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Psoriatic Arthritis

Psoriatic arthritis is a form of arthritis that affects some people who have psoriasis primarily in the skin and joints. It presents itself as itchy, scaly red patches that appear on the skin and scalp as well as swollen and sore joints. Most individuals develop psoriasis first and later they are diagnosed with psoriatic arthritis. Although sometimes the joint problems can begin before the skin patches appear.

Types of Psoriatic Arthritis

There are five types of psoriasis arthritis:

  • Symmetric psoriatic arthritis: This type tends to affect the same joints on both sides of the body and its symptoms are like those of rheumatoid arthritis (RA). Symmetric psoriasis arthritis is milder and causes minimal joint deformity than RA. It can however be disabling.
  • Asymmetric psoriatic arthritis: This can affect a joint or joints on one side of the body only.
  • Distal interphalangeal predominant psoriatic arthritis: This type affects the joints closest to the nails known as the distal joints.
  • Spondylitis psoriatic arthritis: This affects the spine and it can make movement very painful. The hands, arms, legs, feet and hips may also be affected.
  • Psoriatic arthritis mutilans: This is a severe form of psoriatic arthritis that usually affects the hands and feet. It can also cause pain and discomfort in the neck and lower back.

Causes of Psoriatic Arthritis

Psoriatic arthritis is an autoimmune disease meaning the body’s immune system mistakenly attacks healthy cells and tissue causing pain and inflammation resulting in damage. It is not exactly known what causes these attacks, but researchers think it stems from a combination of environmental factors and genetics.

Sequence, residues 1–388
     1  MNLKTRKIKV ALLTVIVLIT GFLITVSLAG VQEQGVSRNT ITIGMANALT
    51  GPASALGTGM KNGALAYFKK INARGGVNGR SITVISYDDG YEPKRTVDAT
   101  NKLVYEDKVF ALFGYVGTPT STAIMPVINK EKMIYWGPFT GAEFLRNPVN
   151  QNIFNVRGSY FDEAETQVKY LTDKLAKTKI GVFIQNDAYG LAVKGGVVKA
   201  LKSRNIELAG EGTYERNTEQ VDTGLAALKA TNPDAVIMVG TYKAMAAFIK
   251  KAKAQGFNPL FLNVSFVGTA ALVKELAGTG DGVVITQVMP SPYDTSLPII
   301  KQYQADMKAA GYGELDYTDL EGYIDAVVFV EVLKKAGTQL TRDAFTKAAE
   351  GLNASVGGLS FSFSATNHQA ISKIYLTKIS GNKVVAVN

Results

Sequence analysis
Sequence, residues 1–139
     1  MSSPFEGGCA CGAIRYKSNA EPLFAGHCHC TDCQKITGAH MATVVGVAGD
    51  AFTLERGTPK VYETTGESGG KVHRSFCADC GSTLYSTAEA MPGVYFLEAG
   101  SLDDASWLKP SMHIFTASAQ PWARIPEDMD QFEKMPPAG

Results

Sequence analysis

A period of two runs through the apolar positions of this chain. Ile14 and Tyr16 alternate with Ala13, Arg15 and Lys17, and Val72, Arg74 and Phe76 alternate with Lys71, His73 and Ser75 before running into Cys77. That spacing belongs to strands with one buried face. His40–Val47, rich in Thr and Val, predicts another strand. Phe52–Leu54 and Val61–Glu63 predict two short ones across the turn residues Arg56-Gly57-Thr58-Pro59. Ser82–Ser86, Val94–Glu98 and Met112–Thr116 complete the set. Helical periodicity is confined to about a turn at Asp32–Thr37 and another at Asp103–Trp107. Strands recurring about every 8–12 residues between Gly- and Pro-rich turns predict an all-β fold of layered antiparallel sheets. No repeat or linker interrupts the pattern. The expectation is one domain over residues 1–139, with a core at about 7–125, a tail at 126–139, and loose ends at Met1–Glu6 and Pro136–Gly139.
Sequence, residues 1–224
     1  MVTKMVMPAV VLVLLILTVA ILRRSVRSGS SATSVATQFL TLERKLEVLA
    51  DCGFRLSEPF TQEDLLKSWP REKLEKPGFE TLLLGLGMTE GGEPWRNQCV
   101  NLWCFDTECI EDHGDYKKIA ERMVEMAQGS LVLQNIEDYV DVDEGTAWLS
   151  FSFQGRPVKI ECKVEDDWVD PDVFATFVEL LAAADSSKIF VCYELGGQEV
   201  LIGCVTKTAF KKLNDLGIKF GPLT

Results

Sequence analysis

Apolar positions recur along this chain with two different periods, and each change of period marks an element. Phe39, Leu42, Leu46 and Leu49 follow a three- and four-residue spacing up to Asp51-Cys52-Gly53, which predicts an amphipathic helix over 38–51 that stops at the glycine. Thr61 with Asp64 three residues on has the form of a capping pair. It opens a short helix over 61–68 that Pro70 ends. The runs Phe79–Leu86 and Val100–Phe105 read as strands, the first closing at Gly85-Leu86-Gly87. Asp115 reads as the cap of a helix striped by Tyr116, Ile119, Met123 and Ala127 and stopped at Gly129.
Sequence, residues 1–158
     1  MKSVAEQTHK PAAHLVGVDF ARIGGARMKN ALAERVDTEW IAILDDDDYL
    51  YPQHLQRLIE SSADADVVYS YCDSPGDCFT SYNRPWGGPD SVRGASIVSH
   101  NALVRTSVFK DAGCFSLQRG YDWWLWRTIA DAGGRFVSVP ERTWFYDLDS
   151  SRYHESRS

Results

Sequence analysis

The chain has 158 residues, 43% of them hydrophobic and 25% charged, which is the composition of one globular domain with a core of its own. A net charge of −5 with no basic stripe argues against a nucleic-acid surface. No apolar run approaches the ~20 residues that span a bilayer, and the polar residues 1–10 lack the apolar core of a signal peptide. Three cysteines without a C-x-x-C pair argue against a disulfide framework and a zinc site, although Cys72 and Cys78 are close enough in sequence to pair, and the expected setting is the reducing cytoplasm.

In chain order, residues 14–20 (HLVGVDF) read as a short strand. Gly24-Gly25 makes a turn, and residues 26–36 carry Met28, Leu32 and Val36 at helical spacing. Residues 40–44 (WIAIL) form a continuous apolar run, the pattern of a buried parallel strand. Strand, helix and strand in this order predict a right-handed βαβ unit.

Symptoms of Psoriatic Arthritis

Symptoms of psoriatic arthritis can range from mild to severe and they are different for each person. Depending on the type of psoriatic arthritis one may have, the symptoms might include:

  • Morning stiffness
  • Swollen, tender spine or joints on one or on each side of the body
  • Painful tendons and muscles
  • Swollen toes and fingers
  • Scaly itchy patches which can get worse when the joints flare up
  • Flaky scalp
  • Nail pitting
  • Fatigue
  • Nail separation from the nail bed
  • Eye redness
  • Eye pain (uveitis)

Diagnosis of Psoriatic Arthritis

A prompt diagnosis for psoriatic arthritis is an important first step in managing the condition. As of now there is no single test that can confirm if someone has psoriatic arthritis, but the first symptoms can determine which type of doctor makes the diagnosis.

A primary physician or a rheumatologist may be seen first if arthritis is the main complaint and a dermatologist may also be seen first if skin and/nail problems are the first to appear. The doctor will use your medical history, perform a physical examination and lab tests to make a diagnosis.

Medical history will involve discussing your symptoms with your doctor and whether anyone in your family has psoriasis, psoriatic arthritis or another autoimmune disease.

Physical examination involves the doctor looking for tenderness, swelling, joint pain, warmth or limited movement and nail or skin changes.

Tests that may be done include x-rays to look for changes in joints and bones, blood tests like C-reactive protein and rheumatoid factor (RF) to check for signs of inflammation. Individuals with psoriatic arthritis test RF-negative hence if the blood tests come out positive for RF, the doctor will most likely suspect RA. Fluid tests around the joint also help to rule out infectious arthritis or gout.

Treatment of Psoriatic Arthritis

The goal for psoriatic arthritis treatment is to improve the symptoms therefore it focuses on:

  • Reducing inflammation
  • Stopping the disease’s progression
  • Relieving pain and discomfort
  • Treating the symptoms on the skin
  • Keeping the joints as mobile as possible

The treatments include medication, surgery, occupational therapy and assistive devices.

Next Step

At King’s College Hospital Dubai, we focus on offering an exemplary service, from initial consultation through to final diagnosis and treatment and beyond. Our multidisciplinary team of expert doctors, nurses, physio therapists are here to offer tailored management and treatment of your condition, and to answer any questions that you might have throughout your time with us. Whatever you need us for, we’re only a phone-call away.

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